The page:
Popular notions about what is moral and what is not are transient and fleeting. Popular notions about what is or is not moral may in fact be deeply offensive to individual dignity and human rights. Individual dignity cannot be allowed to be subordinate to the morality of the mob. Nor can the intolerance of society operate as a marauding morality to control individual self-expression in its manifest form. The Constitution would not render the existence of rights so precarious by subjecting them to passing fancies or to the aberrations of a morality of popular opinion.

The draftspersons of the Constitution would not have meant that the content of morality should vary in accordance with the popular fashions of the day. The expression has been adopted in a constitutional text and it would be inappropriate to give it a content which is momentary or impermanent. Then again, the expression ‘morality’ cannot be equated with prevailing social conceptions or those which may be subsumed within mainstream thinking in society at a given time. The Constitution has been adopted for a society of plural cultures and if its provisions are any indication, it is evident that the text does not pursue either a religious theocracy or a dominant ideology.

In adopting a democratic Constitution, the framers would have been conscious of the fact that governance by a majority is all about the accumulation of political power. Constitutional democracies do not necessarily result in constitutional liberalism. While our Constitution has adopted a democratic form of governance it has at the same time adopted values based on constitutional liberalism.

Central to those values is the position of the individual. The fundamental freedoms which Part III confers are central to the constitutional purpose of overseeing a transformation of a society based on dignity, liberty and equality. Hence, morality for the purposes of Articles 25 and 26 must mean that which is governed by fundamental constitutional principles.

Content of morality

The content of morality is founded on the four precepts which emerge from the Preamble.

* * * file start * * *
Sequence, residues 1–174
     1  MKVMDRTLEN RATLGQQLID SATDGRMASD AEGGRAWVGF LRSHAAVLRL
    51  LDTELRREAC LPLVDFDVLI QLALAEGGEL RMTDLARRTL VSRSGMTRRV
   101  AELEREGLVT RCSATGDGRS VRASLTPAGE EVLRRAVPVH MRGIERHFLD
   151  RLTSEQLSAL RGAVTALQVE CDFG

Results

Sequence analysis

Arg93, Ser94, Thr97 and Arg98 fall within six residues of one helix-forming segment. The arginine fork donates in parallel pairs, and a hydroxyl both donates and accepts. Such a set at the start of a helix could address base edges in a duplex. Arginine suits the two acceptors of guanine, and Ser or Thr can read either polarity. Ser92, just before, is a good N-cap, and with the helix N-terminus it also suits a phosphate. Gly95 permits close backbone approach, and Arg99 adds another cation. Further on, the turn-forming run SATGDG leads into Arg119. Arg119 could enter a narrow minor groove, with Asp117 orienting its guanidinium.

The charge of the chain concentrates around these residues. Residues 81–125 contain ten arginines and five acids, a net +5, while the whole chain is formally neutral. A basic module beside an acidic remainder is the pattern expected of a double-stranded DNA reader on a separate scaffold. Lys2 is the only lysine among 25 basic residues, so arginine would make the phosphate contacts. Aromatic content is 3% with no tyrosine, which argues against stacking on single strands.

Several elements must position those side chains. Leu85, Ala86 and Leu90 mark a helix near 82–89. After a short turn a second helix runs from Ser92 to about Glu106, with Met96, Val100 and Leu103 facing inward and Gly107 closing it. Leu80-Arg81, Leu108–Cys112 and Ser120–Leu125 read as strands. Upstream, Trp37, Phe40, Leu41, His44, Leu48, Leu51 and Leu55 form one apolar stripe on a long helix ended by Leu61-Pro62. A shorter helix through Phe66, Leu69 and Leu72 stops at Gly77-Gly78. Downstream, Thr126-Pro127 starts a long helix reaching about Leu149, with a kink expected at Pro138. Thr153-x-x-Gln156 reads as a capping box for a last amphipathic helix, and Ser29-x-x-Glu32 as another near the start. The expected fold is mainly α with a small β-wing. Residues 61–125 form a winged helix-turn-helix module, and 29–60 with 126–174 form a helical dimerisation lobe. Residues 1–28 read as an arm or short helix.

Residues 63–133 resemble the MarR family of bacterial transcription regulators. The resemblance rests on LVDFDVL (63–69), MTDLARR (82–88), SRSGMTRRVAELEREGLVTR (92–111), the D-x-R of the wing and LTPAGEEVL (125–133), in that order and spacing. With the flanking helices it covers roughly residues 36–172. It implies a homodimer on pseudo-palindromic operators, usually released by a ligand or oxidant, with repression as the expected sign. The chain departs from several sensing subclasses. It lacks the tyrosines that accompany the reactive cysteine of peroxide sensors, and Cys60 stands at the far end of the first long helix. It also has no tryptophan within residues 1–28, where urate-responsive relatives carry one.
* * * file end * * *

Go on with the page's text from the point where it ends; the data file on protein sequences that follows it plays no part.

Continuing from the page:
• The first among them is the need to ensure justice in its social, economic and political dimensions.
  • The second is the postulate of individual liberty in matters of thought, expression, belief, faith and worship.
  • The third is equality of status and opportunity amongst all citizens.
  • The fourth is the sense of fraternity amongst all citizens which assures the dignity of human life.

Added to these four precepts is the fundamental postulate of secularism which treats all religions on an even platform and allows to each individual the fullest liberty to believe or not to believe. Conscience, it must be remembered, is emphasised by the same provision. The Constitution is meant as much for the agnostic as it is for the worshipper. It values and protects the conscience of the atheist. The founding faith upon which the Constitution is based is the belief that it is in the dignity of each individual that the pursuit of happiness is founded. Individual dignity can be achieved only in a regime which recognises liberty as inhering in each individual as a natural right. Human dignity postulates an equality between persons.

Equality necessarily is an equality between sexes and genders. Equality postulates a right to be free from discrimination and to have the protection of the law in the same manner as is available to every citizen. Equality above all is a protective shield against the arbitrariness of any form of authority. These founding principles must govern our constitutional notions of morality.

Constitutional morality must have a value of permanence which is not subject to the fleeting fancies of every time and age. If the vision which the founders of the Constitution adopted has to survive, constitutional morality must have a content which is firmly rooted in the fundamental postulates of human liberty, equality, fraternity and dignity. These are the means to secure justice in all its dimensions to the individual citizen. Once these postulates are accepted, the necessary consequence is that the freedom of religion and, likewise, the freedom to manage the affairs of a religious denomination is subject to and must yield to these fundamental notions of constitutional morality.

In the public law conversations between religion and morality, it is the overarching sense of constitutional morality which has to prevail. While the Constitution recognises religious beliefs and faiths, its purpose is to ensure a wider acceptance of human dignity and liberty as the ultimate founding faith of the fundamental text of our governance. Where a conflict arises, the quest for human dignity, liberty and equality must prevail. These, above everything else, are matters on which the Constitution has willed that its values must reign supreme.